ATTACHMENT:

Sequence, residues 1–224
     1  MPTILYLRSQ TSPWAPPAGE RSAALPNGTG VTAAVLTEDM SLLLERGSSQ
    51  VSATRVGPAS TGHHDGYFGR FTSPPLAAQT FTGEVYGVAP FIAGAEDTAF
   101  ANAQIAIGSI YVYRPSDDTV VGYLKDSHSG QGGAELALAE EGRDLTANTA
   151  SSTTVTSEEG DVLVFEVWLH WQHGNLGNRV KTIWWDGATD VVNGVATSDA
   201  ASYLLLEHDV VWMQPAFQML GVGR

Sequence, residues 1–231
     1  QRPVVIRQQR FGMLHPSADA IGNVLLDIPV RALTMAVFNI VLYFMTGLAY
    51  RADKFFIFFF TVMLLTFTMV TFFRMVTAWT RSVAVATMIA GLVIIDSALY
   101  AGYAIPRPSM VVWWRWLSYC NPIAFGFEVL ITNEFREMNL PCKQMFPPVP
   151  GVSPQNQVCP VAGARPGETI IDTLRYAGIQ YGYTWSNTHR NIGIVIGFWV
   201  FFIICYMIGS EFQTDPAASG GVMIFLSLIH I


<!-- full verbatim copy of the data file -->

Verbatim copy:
Sequence, residues 1–224
     1  MPTILYLRSQ TSPWAPPAGE RSAALPNGTG VTAAVLTEDM SLLLERGSSQ
    51  VSATRVGPAS TGHHDGYFGR FTSPPLAAQT FTGEVYGVAP FIAGAEDTAF
   101  ANAQIAIGSI YVYRPSDDTV VGYLKDSHSG QGGAELALAE EGRDLTANTA
   151  SSTTVTSEEG DVLVFEVWLH WQHGNLGNRV KTIWWDGATD VVNGVATSDA
   201  ASYLLLEHDV VWMQPAFQML GVGR

Sequence, residues 1–231
     1  QRPVVIRQQR FGMLHPSADA IGNVLLDIPV RALTMAVFNI VLYFMTGLAY
    51  RADKFFIFFF TVMLLTFTMV TFFRMVTAWT RSVAVATMIA GLVIIDSALY
   101  AGYAIPRPSM VVWWRWLSYC NPIAFGFEVL ITNEFREMNL PCKQMFPPVP
   151  GVSPQNQVCP VAGARPGETI IDTLRYAGIQ YGYTWSNTHR NIGIVIGFWV
   201  FFIICYMIGS EFQTDPAASG GVMIFLSLIH I